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Public Sector and Governance

Three criteria to better classify PPPs in Africa

Stéphane July's picture



It is broadly understood that public-private partnerships (PPP) are a procurement tool that encompass design, financing, construction and long-term operation of a public infrastructure by the private sector. They can be cost-effective thanks to adequate risk transfer and performance criteria, and help bridge Africa’s large infrastructure gap in many sectors.

However, the understanding of PPPs often gets blurry, in Africa in particular, when different structures are considered that vary according to risk allocation and payment mechanism.

Keep up with the latest trends on PPPs

Clive Harris's picture


Photo: ispyfriend / iStock

It seems like every week there are new reports being published about public-private partnerships (PPPs) by different organizations around the world. How can you keep track of what’s new and what’s relevant for your work?
 
With over 4,000 documents on PPPs in seven different languages (English, Spanish, French, Portuguese, Arabic, Russian, and Chinese) in its searchable document library, the PPP Knowledge Lab has become a key resource for the PPP community to keep up to date with the latest on PPPs. 

What’s been trending over the last quarter on the PPP Knowledge Lab?

PPP laws in Africa: confusing or clarifying?

Maude Vallée's picture



Between 2004 and 2017, some 30 African countries have adopted laws regarding Public-Private Partnerships (PPP). If we were to add to this list the countries that have implemented PPP policies, and those who are in the midst of drafting PPP laws, the tally would rise, leaving us with less than just 10 African countries that are entirely without a PPP framework.

What this tells us is that the calls by international financial institutions have been heard by decision-makers in Africa: a quality PPP legal framework will not only help identify successful projects, but it will guide those projects effectively and transparently towards closure, all the while ensuring development goals are met and investors are satisfied.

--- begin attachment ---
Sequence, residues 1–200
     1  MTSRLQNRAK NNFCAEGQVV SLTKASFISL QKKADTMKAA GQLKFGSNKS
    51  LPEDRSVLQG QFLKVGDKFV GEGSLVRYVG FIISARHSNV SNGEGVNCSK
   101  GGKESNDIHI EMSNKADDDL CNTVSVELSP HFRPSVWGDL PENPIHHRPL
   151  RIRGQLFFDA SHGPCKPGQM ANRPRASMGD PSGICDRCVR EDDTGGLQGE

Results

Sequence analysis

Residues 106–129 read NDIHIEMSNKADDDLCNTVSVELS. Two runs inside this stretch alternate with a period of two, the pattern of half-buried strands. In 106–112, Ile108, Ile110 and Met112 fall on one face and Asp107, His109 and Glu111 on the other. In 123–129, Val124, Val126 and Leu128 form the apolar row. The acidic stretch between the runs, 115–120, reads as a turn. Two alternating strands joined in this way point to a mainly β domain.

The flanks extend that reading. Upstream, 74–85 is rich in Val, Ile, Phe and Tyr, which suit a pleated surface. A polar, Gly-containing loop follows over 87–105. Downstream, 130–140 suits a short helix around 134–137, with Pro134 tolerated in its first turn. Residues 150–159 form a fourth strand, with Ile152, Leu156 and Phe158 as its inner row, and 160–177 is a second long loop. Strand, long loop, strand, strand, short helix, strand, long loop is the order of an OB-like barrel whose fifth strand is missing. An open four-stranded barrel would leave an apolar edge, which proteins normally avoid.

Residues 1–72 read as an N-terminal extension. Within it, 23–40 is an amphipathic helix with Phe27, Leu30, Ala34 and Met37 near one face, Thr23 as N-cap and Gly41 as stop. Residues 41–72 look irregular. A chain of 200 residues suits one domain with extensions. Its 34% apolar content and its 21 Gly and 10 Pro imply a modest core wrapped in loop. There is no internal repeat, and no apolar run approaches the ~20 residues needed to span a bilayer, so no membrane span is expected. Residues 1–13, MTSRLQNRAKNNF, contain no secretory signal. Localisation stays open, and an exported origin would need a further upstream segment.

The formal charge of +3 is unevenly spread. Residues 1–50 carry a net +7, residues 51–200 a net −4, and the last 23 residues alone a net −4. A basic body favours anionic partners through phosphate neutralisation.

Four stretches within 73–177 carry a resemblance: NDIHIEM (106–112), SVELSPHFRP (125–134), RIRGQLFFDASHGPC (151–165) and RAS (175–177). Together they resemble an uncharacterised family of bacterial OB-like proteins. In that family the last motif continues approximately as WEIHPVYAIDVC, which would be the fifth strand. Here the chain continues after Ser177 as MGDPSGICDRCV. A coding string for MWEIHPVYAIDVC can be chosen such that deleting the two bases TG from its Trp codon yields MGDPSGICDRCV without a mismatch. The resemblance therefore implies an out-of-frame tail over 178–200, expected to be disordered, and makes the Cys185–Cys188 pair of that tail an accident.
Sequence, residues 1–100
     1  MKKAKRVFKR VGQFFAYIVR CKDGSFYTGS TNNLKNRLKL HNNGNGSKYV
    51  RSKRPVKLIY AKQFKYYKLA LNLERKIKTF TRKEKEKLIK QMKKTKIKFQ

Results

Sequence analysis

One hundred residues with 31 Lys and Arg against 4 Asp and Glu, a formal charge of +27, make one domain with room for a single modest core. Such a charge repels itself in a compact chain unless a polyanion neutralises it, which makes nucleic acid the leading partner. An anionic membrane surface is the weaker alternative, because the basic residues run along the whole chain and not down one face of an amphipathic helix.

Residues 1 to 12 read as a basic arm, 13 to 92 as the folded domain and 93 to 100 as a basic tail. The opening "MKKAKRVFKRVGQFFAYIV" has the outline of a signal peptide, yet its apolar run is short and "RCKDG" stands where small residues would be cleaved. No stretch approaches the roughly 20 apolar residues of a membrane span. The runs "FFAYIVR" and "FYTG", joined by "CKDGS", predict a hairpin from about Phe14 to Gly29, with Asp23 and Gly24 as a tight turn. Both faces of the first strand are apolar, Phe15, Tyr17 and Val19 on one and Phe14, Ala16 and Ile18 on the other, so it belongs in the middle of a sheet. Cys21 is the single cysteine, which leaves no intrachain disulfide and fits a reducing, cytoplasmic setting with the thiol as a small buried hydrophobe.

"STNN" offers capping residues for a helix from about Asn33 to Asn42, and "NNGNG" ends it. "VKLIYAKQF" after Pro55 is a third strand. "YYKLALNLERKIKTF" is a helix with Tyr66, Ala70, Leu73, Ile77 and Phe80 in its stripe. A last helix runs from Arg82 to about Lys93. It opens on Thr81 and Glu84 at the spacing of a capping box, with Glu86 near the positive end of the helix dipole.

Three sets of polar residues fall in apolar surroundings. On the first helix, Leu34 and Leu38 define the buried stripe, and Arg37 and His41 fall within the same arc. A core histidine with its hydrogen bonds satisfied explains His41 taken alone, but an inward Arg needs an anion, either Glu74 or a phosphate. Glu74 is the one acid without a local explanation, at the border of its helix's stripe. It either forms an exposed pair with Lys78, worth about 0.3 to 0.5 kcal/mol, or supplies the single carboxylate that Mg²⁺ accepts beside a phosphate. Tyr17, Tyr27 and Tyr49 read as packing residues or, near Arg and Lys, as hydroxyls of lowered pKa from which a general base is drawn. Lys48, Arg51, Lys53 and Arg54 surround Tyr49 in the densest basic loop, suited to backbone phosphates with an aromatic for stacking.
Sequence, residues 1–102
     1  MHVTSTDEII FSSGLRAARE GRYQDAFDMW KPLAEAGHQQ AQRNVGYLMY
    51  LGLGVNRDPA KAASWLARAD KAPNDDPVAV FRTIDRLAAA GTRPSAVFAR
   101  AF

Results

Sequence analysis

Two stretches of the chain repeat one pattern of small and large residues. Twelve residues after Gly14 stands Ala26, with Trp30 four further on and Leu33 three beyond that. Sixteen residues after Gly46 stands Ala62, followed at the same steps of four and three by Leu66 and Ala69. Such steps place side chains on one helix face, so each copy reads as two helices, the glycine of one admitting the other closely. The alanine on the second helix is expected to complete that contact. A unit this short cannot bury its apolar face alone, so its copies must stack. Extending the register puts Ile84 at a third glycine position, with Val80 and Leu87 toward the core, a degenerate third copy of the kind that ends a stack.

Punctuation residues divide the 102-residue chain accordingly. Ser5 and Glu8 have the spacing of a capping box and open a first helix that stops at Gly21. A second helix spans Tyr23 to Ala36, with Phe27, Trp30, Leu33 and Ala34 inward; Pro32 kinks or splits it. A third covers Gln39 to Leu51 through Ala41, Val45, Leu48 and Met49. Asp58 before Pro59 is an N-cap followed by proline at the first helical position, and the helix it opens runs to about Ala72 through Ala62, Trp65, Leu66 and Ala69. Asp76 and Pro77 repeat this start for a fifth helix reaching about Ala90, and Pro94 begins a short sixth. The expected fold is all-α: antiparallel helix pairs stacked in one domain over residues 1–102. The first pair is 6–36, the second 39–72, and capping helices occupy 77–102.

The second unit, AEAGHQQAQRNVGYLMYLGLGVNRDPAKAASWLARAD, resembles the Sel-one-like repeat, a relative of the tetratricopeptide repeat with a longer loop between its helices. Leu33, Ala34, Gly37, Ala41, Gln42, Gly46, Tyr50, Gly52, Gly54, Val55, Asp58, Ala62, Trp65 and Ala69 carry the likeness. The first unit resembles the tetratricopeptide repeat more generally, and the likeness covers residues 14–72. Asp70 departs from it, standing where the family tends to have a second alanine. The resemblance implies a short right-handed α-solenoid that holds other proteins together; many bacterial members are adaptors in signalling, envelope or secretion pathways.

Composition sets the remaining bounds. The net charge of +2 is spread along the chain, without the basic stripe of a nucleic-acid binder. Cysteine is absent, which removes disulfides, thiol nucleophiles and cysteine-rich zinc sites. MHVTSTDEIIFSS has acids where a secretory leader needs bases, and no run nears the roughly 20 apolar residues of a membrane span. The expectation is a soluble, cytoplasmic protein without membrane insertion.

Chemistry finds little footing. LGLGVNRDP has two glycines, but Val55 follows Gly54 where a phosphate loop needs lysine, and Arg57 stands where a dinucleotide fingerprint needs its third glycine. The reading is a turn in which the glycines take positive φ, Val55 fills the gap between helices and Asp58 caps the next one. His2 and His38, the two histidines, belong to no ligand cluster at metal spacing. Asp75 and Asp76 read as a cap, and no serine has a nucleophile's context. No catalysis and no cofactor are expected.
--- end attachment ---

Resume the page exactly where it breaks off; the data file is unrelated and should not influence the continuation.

But how does reality measure up to the theory? How many projects, based on PPP law, have actually reached financial close? Given the time required to prepare a PPP, it is maybe too early to see PPP laws translated into concrete PPP projects, especially as more than 20 countries have in fact adopted their laws only in the last five years.

Offres spontanées dans l’infrastructure : parvenir à un juste équilibre entre incitations et concurrence

Philippe Neves's picture
Also available in: English | Español


Photo: kupicoo/ iStock

Promouvoir l’initiative et l’innovation du secteur privé tout en assurant une mise en concurrence : c’est le dilemme que doivent résoudre les pouvoirs publics qui souhaitent encadrer les offres spontanées dans l’infrastructure. Dans un précédent billet, nous avons souligné qu’il fallait considérer avec prudence les offres non sollicitées, à savoir comme une procédure exceptionnelle pour la passation des marchés publics. Une bonne politique de gestion des offres spontanées doit permettre de répondre aux principes de transparence et de prévisibilité, et de préserver l’intérêt public.
 
Un pays qui accepte la possibilité d’offres non sollicitées et qui adopte des mesures pour les traiter s’attend à être saisi de ce type de projet par les entreprises. En même temps, il doit s’assurer du juste prix et de la rentabilité du projet proposé. Mais qu’est-ce qui incitera le secteur privé à présenter des offres non sollicitées si l’État organise ensuite une mise en concurrence ? Comment une administration publique peut-elle encourager les offres spontanées, tout en attirant suffisamment de candidatures concurrentes?

Iniciativas privadas en proyectos de infraestructura: un desafío para encontrar el equilibrio entre incentivos y competencia

Philippe Neves's picture
Also available in: English | Français


Photo: kupicoo/ iStock

Un desafío clave a la hora de elaborar una política sobre gestión de “IPs” – iniciativas privadas (también llamadas propuestas no solicitadas o “unsolicited proposals” en inglés) en proyectos de infraestructura es lograr un equilibrio entre el hecho de generar interés de empresas privadas para someter IPs y el de crear un entorno que permita generar una tensión competitiva atrayendo a más postores. En un blog anterior, advertimos que las IPs deben utilizarse con cautela como una excepción a la regla general según la cual los proyectos de infraestructura deberían ser iniciativas del sector público, y sostuvimos que contar con una política adecuada para la gestión de las IPs puede ayudar a garantizar la transparencia y la previsibilidad, y a proteger el interés público.